Things to specifically note in this is the reserve of cash that they suddenly have and that people could only get refunds by filing a dispute, as the Guererros would not issue them themselves. Remember them charging everyone for a new round of subscriptions?

That's right, dear readers. This money almost certainly came from the people whose accounts they charged. This is about when everything officially hit the fan and people started complaining en masse about the Guererros and Nocturnal Readers Box, especially as filing disputes can be difficult depending on how the person paid. PayPal has marked the company as suspicious and is fully working with people who are reporting them, but some people have reported on the forum TheDarkTower.org that the Guererros seem to be fighting against people who are filing disputes. Bleeding Cool, noticing the train wreck unfolding, wrote a post about the ongoing issues with the company

In the midst of these complaints from not only an author but also angry subscribers, the Nocturnal Readers Box closed their social media accounts, leaving only their website up, which claims that the company is still working on September's box. Attempts by people to contact the Guererros via the Nocturnal Readers Box email address has been met with silence from what I've heard.

But wait... it's still not over! Yesterday, September 25, 2018, people started reporting that the Nocturnal Readers Box was charging their accounts. This wasn't only the people who were subscribed to them up until the end, but also people who had cancelled their accounts about a year prior to the service closing. According to this post on Facebook, people are getting charged anywhere between $7 to $500+.



How it relates to Horror Bees....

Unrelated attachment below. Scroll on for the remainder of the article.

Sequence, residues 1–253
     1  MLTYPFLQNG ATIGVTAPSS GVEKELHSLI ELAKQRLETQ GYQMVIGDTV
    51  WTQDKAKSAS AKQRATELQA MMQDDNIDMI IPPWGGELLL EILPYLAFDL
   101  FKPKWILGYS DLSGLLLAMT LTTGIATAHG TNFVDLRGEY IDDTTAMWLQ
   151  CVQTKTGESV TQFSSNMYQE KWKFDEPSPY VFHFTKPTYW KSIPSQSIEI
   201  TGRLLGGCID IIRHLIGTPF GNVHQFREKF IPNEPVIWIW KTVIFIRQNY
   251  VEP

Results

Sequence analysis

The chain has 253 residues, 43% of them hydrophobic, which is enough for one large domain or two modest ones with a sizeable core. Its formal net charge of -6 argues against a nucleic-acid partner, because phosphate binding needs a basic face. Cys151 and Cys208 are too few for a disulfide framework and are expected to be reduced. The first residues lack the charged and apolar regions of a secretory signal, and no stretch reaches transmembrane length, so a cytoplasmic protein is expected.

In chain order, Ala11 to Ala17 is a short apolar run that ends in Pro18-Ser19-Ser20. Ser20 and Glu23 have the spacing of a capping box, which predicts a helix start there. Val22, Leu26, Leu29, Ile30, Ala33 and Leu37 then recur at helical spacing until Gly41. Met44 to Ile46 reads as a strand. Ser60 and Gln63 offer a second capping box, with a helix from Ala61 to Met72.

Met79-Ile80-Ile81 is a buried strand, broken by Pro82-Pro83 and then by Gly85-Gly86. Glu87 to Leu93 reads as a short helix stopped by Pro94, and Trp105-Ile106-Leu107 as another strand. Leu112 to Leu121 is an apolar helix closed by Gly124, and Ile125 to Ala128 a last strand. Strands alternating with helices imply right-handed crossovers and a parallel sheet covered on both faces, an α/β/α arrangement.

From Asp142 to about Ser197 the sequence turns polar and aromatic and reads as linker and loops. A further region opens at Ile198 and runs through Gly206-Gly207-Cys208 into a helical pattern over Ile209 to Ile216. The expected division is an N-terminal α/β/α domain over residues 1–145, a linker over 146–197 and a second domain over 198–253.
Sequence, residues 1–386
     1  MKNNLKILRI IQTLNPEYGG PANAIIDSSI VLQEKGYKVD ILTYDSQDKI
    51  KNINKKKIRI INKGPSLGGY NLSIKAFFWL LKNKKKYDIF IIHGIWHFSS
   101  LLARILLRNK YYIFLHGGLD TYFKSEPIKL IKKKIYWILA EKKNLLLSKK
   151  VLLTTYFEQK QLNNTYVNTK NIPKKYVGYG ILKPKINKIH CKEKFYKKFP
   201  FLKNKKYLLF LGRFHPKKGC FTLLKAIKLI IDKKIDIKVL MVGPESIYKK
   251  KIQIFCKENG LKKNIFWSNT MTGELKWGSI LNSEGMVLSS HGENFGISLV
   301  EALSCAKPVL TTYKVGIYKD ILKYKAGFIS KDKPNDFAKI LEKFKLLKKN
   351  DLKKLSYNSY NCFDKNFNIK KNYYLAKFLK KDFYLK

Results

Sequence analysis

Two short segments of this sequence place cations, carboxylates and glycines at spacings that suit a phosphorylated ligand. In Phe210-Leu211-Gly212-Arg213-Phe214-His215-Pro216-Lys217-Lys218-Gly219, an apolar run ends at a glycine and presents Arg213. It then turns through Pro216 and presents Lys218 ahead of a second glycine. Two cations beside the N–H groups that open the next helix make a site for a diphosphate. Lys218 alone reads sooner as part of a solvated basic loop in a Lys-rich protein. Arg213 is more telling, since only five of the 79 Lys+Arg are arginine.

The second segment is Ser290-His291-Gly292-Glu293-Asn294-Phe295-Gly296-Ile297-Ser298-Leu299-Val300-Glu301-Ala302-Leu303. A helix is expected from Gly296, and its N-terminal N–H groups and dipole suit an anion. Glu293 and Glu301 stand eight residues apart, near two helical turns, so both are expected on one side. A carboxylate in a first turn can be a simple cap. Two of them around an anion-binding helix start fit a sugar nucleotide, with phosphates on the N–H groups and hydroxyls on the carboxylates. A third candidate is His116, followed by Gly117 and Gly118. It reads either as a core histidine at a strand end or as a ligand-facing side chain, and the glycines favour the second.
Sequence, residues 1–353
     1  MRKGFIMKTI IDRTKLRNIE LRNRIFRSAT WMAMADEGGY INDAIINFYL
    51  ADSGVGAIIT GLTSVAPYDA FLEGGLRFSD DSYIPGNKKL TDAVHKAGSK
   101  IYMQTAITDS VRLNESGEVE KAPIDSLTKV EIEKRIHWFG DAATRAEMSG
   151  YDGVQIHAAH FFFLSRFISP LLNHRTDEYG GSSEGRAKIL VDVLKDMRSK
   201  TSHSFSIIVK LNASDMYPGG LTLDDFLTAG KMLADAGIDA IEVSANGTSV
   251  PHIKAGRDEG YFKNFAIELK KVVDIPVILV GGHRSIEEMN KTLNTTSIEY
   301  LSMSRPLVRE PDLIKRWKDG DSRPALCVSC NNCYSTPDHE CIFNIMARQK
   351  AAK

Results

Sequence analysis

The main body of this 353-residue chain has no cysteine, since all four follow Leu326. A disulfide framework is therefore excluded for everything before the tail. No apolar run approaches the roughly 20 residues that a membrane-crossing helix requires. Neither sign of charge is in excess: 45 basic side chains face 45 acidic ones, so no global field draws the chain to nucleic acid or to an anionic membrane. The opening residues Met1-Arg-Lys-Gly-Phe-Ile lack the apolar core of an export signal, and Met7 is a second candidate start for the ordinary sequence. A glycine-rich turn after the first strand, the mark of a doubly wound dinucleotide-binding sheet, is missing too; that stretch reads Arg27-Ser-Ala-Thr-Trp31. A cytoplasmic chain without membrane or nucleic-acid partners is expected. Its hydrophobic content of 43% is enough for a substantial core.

So now you're asking "so... how does this relate to Horror Bees?"

There are two answers to this: what Horror Bees will tell you and what largely everyone suspects (and one company claims is the truth).

Horror Bees is claiming to be run by Vincent's parents, the same ones who apparently instilled in him a love of horror. In a now deleted review on the company's Facebook page they reported that he was initially involved but that he is not part of the company. Vincent publicized this service heavily at one point while their social media was up and they were still sending out and responding to emails. 


Now what is largely believed by the subscriber base and people familiar with the saga is that Horror Bees is run by Vincent Guerrero under his parents' names and that he distanced himself so that the company wouldn't be impacted by everything going on with Nocturnal Readers Box. Journalstone, a small publisher, claims to have proof of this and that they're owed $31,000, a princely sum for any publisher and a huge problem for a smaller publishers. 


They don't specify the proof, but I would wager that it's probably something used in the lawsuit they're filing against him. 

If this is all true - and to be honest, I strongly suspect that it is - signing up with a membership with Horror Bees would be incredibly foolish since the troubles that prompted all of the issues with Nocturnal Readers Box will undoubtedly rear their heads with Horror Bees, including the allegations of intellectual property theft. 

I'll try to update this as I discover more, but so far I've been gobsmacked with everything that has happened.